JEREMY Clarkson managed to find three days between farming and car reviewing for a holiday this summer, and like most Brits chose not to travel abroad. Instead, he wafted down to Cornwall — the location of his conception, he reveals matter-of-factly in the Sunday Times today — in a Bentley Continental GT Mulliner.
While his other half, actress Lisa Hogan, thought that taking a large, wide coupé to part of the United Kingdom renowned for its tight roads and narrow-laned fishing villages was a daft idea, Clarkson was convinced that his self-professed “Olympic gold medallist” parking ability would overcome any size issues thrown up by the luxurious grand tourer.
Although he enjoyed how much Cornwall had “come on” over the years, Clarkson said the constant rain had not changed since his childhood holidays in the region and the roads are now full of painfully slow drivers: “At one point I followed a Mini One down a steep hill into St Austell and even though the gradient was nigh on vertical the driver never exceeded 15mph.”
Unable to exploit much of the Bentley’s 542bhp from its 4.0-litre V8 engine due to the lack of overtaking opportunities, he figured that the Mulliner’s interior was the perfect, quiet and comfortable place to spend time dawdling behind “Londoners with roofboxes on their Volvos” and “glacial locals”.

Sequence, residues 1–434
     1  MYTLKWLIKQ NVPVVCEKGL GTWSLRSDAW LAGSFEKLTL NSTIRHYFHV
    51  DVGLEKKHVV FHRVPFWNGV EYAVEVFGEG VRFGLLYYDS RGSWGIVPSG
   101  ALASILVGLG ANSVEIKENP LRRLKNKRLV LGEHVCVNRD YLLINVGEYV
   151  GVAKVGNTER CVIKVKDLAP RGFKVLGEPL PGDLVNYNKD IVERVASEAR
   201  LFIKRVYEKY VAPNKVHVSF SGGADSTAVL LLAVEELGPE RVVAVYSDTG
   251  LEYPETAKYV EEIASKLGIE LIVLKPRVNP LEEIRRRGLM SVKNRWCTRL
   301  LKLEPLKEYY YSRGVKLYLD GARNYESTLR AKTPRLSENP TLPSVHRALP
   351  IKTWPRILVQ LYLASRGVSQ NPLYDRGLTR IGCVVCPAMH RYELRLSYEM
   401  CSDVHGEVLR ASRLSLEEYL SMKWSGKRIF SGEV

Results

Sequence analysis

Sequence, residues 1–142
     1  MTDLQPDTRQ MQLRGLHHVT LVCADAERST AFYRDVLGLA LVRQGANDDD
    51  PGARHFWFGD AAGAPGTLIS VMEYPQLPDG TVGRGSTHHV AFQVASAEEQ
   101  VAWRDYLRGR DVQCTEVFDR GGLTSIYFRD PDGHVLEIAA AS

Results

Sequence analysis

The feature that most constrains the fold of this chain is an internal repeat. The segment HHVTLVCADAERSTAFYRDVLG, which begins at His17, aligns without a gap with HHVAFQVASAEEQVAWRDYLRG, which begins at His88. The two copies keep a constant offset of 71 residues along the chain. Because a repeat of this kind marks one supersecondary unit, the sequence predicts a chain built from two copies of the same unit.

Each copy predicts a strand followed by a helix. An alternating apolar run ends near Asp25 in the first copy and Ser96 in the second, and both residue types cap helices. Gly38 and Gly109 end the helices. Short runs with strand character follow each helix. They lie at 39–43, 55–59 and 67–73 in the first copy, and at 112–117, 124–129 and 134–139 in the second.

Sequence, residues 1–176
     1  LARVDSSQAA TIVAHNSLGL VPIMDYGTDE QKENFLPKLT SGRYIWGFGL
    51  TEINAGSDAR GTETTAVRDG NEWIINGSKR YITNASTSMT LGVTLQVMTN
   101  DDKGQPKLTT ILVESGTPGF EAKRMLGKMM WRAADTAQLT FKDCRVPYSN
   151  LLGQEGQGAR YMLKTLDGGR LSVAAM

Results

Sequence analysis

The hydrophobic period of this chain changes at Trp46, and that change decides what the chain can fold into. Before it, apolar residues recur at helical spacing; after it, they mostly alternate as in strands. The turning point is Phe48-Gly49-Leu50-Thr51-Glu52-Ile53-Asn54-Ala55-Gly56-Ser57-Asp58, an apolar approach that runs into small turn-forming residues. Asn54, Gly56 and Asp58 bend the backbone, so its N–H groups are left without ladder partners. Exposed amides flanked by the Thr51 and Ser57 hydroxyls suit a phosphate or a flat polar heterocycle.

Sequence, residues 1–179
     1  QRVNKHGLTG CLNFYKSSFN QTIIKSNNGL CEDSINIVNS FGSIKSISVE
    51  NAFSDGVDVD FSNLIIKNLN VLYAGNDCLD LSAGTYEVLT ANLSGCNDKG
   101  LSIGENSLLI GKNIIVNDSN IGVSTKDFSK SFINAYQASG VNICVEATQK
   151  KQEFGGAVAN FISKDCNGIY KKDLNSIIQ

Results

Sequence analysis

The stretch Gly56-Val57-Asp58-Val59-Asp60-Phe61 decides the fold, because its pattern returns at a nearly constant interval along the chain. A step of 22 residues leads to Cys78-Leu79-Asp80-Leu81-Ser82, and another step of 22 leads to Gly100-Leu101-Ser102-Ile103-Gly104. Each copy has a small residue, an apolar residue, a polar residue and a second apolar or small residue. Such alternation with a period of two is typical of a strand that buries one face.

The £209,000 Continental GT Mulliner comes from Bentley’s Mulliner Collection, the company’s personalisation division, and buyers can have countless interior variations in terms of colour and trim, particularly on the diamond-patterned leather seats.
“This is a car where you, the owner, can indulge any whim that takes your fancy,” he pointed out. “Any wood. Any leather. Any colour. You get self-levelling centre wheel hubs, a Breitling clock and 400,000 stitches in the upholstery. You can count them. In Cornwall there’s time.”
Clarkson wasn’t impressed by the colour scheme in the car he was driving, saying that it had been trimmed by someone “channelling his inner Cheshire … [it] was as gaudy as a French pornographer’s tie.”
The 400,000 stiches take 115 metres of thread, with 712 stitches in each of the seat diamonds alone. Bentley combines the modern with the classical with a digital instrument gauge and, on the dashboard, an old-fashioned clock by Breitling.
Clarkson has long been a fan of Bentleys, with their luxurious, cossetting interiors, and even chose to convert a 2014 Continental GT to off-road spec for last year’s Grand Tour special, A Massive Hunt.
So fond was Jezza of his bespoke “MFB” (you can guess what the acronym means) that he had the car brought back to England and kept it on his Oxfordshire farm for some time. The Driver and Vehicle Licencing Agency refused to allow the former Bentley test-mule to be registered for road use, however, so after a brief appearance in and episode of Clarkson’s Farm, the car has now gone back to Bentley in Crewe where it is kept on display in a glass case.
When a local in Cornwall balked at the Mulliner’s price tag, saying, “You could almost buy a house for that,” Clarkson wondered which he’d rather have — the Bentley or a house in Cornwall.
“I’d have the car,” he said. “It’s less wet.”
- After reading how Jeremy Clarkson finds the Bentley Continental perfect for Cornish dawdling, you may be interested to read what he thinks about the hydrogen-powered Toyota Mirai
- Read why Jeremy Clarkson thinks that The Grand Tour’s Scotland special is the daftest yet
- Or why not see why Clarkson finds the Land Rover Defender Hard Top a bit pointless